12. The Devil's Doorway

"The Last Exorcism" was one of the first films to reinvent a tired subgenre with found-footage aesthetics, and while director Aislinn Clarke's "The Devil's Doorway" isn't quite as good, it gets damn near close. In the 1960s, two Roman Catholic priests, Father Thomas Riley (Lalor Roddy) and Father John Thornton (Ciaran Flynn), are sent to a remote Magdalene laundry to investigate an alleged miracle witnessed by the women and staff there.

Clarke wisely incorporates considerable historical context, never shying away from the astronomical abuse and neglect that occurred at the Irish Magdalene Laundries (otherwise known as Magdalene asylums), nor the juxtaposition of that abuse with the willful ignorance of the two men there. Naturally, as these movies are wont to do, the miracle is but a thinly-veiled disguise for a full-borne possession, but the pathos and historical roots add terrific verve. The exorcism itself doesn't occur until the tail end, and while it's technically less proficient than other entries here, it's certifiably tragic and terrifically scary.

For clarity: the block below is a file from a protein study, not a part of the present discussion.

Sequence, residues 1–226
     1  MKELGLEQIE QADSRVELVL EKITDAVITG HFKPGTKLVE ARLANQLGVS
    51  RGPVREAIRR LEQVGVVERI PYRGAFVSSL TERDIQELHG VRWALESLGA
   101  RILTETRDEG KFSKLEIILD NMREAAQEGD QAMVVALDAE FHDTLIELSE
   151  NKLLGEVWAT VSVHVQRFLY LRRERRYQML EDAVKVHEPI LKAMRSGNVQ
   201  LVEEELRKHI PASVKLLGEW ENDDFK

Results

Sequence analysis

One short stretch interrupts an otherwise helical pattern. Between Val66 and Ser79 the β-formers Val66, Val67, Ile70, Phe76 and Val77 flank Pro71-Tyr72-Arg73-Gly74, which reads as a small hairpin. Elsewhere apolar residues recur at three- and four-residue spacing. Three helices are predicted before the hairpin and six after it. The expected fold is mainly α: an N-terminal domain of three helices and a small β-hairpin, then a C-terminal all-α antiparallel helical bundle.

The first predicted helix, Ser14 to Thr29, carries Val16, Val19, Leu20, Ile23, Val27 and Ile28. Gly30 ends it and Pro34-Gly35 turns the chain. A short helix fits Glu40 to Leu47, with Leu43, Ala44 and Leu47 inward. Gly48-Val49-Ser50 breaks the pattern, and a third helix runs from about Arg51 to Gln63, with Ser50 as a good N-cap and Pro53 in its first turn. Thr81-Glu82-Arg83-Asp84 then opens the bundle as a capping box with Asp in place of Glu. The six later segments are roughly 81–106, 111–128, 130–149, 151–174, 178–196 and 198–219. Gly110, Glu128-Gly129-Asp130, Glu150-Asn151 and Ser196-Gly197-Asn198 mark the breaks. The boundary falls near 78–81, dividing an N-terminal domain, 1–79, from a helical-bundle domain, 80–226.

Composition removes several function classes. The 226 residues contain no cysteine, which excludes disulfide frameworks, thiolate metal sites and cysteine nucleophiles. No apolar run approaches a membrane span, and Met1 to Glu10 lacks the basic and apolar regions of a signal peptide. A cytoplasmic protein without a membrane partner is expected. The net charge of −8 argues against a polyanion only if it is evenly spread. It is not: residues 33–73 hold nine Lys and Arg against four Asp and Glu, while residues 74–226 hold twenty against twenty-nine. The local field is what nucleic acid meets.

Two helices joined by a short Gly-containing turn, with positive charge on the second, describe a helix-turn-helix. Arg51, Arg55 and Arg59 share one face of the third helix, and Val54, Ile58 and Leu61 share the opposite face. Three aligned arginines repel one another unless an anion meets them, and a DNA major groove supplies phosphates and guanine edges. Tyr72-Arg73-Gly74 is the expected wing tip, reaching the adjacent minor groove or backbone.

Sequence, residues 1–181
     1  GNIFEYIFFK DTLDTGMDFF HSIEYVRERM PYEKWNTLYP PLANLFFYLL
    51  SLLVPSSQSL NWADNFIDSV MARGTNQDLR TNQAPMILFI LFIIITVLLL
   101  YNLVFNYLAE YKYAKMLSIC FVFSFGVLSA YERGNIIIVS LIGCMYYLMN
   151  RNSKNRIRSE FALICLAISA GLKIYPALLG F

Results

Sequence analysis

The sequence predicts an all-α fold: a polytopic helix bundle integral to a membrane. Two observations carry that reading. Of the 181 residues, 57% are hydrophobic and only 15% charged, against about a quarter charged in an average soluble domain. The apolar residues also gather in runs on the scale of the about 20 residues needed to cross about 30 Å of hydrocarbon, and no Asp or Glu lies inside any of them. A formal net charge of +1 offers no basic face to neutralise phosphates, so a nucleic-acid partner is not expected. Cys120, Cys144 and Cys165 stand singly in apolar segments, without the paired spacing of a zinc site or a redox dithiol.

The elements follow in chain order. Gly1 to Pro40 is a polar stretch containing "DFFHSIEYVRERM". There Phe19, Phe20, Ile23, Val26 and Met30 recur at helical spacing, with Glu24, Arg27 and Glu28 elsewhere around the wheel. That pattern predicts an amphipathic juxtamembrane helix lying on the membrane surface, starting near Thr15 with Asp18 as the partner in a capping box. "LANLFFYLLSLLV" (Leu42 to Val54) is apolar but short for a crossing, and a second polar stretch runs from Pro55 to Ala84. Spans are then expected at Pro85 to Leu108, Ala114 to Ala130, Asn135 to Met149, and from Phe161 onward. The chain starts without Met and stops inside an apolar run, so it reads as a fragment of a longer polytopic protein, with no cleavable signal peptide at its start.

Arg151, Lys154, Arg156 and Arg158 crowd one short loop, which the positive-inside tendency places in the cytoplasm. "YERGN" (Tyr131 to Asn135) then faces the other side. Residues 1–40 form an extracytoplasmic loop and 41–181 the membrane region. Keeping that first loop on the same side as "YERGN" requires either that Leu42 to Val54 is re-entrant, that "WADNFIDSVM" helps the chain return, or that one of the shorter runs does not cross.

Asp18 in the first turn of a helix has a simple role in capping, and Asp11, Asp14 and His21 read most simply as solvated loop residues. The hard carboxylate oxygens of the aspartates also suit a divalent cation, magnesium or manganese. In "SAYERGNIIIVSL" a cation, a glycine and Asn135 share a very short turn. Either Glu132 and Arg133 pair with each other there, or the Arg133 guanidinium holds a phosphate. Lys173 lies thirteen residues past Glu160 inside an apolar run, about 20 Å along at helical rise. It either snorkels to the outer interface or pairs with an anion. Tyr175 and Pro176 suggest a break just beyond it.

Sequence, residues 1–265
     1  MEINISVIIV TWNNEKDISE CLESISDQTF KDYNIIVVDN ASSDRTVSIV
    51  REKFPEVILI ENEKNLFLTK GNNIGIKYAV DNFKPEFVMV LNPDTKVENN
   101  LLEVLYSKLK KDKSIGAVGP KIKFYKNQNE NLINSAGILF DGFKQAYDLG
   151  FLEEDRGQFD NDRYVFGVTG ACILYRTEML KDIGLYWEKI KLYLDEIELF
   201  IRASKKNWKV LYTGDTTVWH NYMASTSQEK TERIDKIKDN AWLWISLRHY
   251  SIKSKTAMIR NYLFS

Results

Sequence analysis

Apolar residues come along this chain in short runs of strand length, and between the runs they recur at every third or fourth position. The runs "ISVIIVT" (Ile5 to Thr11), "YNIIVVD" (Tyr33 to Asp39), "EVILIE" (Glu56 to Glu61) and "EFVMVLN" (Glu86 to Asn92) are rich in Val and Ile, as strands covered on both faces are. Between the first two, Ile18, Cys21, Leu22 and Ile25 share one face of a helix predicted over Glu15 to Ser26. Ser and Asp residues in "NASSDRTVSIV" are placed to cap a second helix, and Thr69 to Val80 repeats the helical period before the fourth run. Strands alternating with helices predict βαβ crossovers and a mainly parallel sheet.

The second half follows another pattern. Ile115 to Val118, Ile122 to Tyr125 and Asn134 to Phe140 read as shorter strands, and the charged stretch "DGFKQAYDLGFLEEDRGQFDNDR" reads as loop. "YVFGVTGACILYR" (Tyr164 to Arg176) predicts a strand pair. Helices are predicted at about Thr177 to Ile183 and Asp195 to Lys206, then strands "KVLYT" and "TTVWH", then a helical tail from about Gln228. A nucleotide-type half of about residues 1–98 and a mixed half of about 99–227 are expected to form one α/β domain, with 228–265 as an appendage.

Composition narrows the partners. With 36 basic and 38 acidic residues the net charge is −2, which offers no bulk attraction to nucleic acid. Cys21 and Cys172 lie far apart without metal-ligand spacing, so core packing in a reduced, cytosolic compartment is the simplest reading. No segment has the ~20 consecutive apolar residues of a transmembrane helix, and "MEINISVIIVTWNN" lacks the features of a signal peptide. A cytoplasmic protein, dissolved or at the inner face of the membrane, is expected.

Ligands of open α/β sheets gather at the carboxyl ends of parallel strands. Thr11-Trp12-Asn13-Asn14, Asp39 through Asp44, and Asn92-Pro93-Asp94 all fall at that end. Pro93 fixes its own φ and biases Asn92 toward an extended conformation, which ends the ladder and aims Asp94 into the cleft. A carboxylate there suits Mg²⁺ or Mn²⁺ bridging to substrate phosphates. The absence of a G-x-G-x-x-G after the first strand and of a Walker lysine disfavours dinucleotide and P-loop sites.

11. The Cleansing Hour

Horror movies today are all about streaming. Filmmakers take an old, tired trope and repackage it with a millennial sheen. There are vloggers, streamers, and certified "influencers," all comprising an entirely new crop of victims for perennial movie monsters to pick off. "The Cleansing Hour," for instance, repurposes conventional exorcism fodder within the context of a live web show. Damien LeVeck's feature adaptation of his own short follows Father Max (Ryan Guzman) and his exploits performing (decidedly fake) live exorcisms on air.

Naturally, his most recent case just happens to be the real deal, and it's up to scream king Kyle Gallner to stop the madness before the possession expands beyond the studio and infects the entire world. It's a common thread — contemporary demons using technology to spread their evil (see: "Rings" and "The Unholy") — though "The Cleansing Hour" has style and sympathy to spare. It isn't the greatest, though it's a fun lark that intermittently makes what's old feel fresh again.